Stani Kulechov: Yeah, so lens protocol, it allows you to create your profile once and retain the ownership of the profile. So, you’re not locked into any platform specifically. So, any application that is built on top of the protocol, you as a user have the flexibility to access those applications. And you don’t need to give up your follower base or profile into one particular application. So, this brings sort of freedom for the users. And also, it changes the dynamics because this means that anyone can actually freely build a better or new algorithm, how you find and discover other users or content across the lens protocol or across web three ecosystem in general. And also, the experiences actually have to compete first time ever on your kind of like a, I would say like, as a user, you can you can vote with your feet, which of the experiences are more just aligned towards finding, maybe content that you might like more or what values are important for you as a user, and what, it actually makes those applications more of communities. So, for example, Twitter is a community, but you can’t really actually affect how Twitter’s built in the future, besides giving feedback. But here, you can actually have skin in the game and actually vote with your feet. If you if you find an application, that it’s actually more aligned to what your expectations are, so it changes those dynamics quite easily. So that’s the kind of interesting parts that that actually, your profile is secured with the blockchain. But actually, it’s the applications that can choose how they reflect data. So, you can effectively use an application that reflects the data and stores it on a decentralized file storage, just like IPFS. Or you can choose an application that stores data in a cloud, just as a traditional social media application, but you still have the ownership of your profile. So as a protocol, it gives flexibility for the users, but also for the developers to choose how they want to build their application and how much decentralization they want to have in their own particular use case.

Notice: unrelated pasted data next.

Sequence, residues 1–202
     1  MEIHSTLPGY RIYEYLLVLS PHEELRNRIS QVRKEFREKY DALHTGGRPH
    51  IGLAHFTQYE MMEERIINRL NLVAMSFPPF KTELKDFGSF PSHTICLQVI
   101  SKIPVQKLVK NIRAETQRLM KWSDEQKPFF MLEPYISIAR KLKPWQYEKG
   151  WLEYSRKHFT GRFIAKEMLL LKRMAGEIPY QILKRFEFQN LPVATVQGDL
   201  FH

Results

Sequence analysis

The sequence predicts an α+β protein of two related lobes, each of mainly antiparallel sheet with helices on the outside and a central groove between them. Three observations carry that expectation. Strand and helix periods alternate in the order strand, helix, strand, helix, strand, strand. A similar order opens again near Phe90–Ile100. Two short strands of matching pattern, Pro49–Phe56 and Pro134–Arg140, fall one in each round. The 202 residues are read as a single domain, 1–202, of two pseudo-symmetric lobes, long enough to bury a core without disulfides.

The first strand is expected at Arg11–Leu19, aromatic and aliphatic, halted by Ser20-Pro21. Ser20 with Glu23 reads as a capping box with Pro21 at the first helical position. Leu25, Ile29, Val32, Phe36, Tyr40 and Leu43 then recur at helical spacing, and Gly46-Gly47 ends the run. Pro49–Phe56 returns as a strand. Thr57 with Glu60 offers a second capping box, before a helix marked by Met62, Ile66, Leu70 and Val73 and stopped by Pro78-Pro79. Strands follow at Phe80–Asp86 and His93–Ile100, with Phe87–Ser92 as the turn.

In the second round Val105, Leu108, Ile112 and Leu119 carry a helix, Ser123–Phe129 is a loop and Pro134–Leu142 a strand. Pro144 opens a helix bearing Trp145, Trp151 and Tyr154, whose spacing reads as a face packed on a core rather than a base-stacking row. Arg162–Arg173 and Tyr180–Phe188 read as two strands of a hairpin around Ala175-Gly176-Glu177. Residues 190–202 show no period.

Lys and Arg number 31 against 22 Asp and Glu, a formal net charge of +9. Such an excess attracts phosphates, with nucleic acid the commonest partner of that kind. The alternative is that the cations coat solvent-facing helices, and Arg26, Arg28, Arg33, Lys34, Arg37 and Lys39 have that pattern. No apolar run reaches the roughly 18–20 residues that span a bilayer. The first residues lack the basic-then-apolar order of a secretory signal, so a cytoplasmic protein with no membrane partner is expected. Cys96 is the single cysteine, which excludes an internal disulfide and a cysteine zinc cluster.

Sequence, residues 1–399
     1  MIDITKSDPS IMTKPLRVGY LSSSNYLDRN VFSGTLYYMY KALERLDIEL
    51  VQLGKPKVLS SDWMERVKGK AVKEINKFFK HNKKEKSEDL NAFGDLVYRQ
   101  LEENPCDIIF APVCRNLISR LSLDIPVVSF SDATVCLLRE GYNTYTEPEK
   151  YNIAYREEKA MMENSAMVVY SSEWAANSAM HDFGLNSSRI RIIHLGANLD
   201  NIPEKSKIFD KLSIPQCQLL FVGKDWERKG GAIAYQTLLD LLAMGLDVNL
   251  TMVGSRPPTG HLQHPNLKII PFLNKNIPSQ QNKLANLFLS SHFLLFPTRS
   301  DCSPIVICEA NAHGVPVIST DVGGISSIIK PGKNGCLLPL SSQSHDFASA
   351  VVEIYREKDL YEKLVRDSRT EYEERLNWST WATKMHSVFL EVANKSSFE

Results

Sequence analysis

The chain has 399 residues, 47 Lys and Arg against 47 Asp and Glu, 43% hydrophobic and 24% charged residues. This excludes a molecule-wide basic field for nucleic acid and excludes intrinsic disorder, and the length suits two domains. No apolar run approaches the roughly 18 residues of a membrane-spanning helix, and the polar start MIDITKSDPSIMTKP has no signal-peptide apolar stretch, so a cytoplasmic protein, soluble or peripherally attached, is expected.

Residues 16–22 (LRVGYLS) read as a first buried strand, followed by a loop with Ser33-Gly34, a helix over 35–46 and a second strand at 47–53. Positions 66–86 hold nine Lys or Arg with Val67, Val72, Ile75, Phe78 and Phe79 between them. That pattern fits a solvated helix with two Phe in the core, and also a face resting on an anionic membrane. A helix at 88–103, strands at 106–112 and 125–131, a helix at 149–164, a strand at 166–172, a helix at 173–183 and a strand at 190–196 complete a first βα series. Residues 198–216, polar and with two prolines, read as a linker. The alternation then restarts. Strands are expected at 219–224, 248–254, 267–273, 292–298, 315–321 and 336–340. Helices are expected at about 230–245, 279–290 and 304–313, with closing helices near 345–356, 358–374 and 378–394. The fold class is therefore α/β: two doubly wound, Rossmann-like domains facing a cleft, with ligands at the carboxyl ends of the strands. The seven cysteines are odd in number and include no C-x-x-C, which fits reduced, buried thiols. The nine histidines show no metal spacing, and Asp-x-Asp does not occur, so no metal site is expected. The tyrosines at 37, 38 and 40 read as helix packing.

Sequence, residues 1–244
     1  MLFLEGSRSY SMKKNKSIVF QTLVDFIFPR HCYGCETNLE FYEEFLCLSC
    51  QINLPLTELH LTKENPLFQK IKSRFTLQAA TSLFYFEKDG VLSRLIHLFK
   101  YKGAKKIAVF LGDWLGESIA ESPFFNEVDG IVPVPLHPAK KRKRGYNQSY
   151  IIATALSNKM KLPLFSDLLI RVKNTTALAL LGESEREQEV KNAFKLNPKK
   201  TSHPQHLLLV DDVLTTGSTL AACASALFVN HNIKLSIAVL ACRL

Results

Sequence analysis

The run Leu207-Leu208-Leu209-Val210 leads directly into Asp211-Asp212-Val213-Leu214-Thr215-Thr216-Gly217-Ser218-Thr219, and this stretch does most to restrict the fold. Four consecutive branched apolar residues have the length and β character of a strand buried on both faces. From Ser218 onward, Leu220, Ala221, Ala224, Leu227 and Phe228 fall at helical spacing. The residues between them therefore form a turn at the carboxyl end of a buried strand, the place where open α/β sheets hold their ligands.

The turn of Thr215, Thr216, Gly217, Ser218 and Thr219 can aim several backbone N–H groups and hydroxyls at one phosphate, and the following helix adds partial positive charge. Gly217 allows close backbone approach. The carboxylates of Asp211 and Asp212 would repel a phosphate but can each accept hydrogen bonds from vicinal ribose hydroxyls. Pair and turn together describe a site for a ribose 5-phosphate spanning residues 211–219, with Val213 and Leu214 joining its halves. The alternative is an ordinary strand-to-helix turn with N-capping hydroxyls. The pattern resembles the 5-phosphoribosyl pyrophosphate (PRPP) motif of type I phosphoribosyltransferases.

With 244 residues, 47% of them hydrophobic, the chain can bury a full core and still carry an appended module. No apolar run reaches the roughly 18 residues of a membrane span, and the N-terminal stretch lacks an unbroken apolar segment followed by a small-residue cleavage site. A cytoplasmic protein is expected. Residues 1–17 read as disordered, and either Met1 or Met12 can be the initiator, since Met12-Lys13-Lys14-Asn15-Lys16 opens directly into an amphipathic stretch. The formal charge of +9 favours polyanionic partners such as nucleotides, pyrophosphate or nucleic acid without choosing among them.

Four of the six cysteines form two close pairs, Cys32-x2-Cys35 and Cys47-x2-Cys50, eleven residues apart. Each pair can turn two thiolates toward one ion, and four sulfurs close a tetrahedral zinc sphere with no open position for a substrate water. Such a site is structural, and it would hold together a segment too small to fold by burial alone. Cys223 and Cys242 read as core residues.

Building the Web3 Social Network Experience